Norman Lear has reached a major milestone.
The iconic television writer and producer turned 100 on Wednesday. A day before the big day, he took to social media to gear up for the special occasion with a video message recorded by his daughter, Kate via her cellphone.
“I mean my God, the miracle of being alive with everything that’s available to us and me turning 100 tomorrow” he laughed. “Yeah you hear me, tomorrow I turn 100. That’s as believable to me as today I’m 99.”
Lear is the brains behind the popular 1970s sitcoms “All in the Family,” “Maude,” “Sanford and Son,” “The Jeffersons,” “Good Times” and “One Day at a Time.”
“I’ve been doing breakfast slots and, I guess, my breakfast slot at the moment is the moment every person who is seeing me now- some are seeing me within months of me saying this. Some are likely to see this years after I have said this,” he riddled. “But, whenever all of you are seeing it, that will be the moment you’re seeing it. As this is the moment I’m saying it.”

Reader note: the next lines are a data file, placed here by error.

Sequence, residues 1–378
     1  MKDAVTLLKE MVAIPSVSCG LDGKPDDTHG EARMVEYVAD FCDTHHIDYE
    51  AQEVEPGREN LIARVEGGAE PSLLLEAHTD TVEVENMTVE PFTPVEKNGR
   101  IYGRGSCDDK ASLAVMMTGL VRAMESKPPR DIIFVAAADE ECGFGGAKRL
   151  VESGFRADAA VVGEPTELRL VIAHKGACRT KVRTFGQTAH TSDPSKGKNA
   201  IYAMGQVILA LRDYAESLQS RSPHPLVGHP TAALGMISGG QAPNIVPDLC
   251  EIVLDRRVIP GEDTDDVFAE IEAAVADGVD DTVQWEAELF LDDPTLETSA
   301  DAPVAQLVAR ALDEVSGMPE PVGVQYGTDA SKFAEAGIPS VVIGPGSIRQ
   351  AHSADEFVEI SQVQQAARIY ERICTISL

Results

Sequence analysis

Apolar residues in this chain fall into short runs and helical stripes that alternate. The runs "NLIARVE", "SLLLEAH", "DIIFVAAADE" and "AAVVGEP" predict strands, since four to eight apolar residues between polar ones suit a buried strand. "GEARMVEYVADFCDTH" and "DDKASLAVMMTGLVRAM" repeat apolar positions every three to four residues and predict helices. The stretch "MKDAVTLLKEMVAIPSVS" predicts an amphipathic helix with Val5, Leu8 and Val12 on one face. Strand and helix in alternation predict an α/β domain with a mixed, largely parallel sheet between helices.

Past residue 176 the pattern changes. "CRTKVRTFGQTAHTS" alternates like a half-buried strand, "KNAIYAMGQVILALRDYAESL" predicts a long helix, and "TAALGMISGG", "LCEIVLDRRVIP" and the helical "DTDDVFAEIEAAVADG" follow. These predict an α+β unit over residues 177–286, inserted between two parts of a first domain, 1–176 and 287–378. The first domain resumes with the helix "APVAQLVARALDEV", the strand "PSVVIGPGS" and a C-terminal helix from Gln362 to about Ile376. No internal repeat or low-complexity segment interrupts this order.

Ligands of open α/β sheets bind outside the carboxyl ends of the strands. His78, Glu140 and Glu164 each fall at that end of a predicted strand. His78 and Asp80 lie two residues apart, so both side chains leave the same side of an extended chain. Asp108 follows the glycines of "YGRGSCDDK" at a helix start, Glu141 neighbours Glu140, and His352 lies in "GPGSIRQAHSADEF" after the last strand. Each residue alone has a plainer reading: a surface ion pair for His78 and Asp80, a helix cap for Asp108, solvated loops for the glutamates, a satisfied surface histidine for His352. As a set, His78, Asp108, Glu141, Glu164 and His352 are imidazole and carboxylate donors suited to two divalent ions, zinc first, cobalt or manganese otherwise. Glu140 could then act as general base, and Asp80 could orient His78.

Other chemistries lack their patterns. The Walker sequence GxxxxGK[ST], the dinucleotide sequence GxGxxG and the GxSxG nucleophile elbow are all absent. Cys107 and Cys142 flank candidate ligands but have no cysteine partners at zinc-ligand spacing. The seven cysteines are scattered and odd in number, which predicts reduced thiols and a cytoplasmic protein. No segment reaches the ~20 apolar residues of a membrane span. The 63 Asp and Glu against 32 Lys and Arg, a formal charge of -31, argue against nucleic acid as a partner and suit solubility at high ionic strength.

The five-time Emmy award winner continued to explain some of his life lessons.
“What that means to me is: living in the moment. The moment between past and present or present and past,” he continued. “The hammock in the middle between after and next. The moment. Treasure it. Use it. Live, love.”
Lear’s birthday reflections continued with a Op-Ed piece for The New York Times about his fictional character Archie Bunker in relation to former President Donald Trump.
“If Archie had been around 50 years later, he probably would have watched Fox News. He probably would have been a Trump voter,” Lear penned. “But I think that the sight of the American flag being used to attack Capitol Police would have sickened him.”
“I hope that the resolve shown by Representatives Liz Cheney and Adam Kinzinger, and their commitment to exposing the truth, would have won his respect,” he continued.
The Hollywood legend is no stranger to bringing heavy topics to light. He utilized “All in the Family” to discuss racism, feminism, homosexuality and more.
Lear rings in his birthday with major honors to his name.
Back in 1984, Lear was one of the first television producers to be inducted into the Television Academy Hall of Fame.
In 2017, Lear was one of the recipients of the Kennedy Center Honors.
This Fall, ABC will keep the centennial celebrations coming with the special “Norman Lear: 100 Years of Music and Laughter.” It will air on Sept. 22.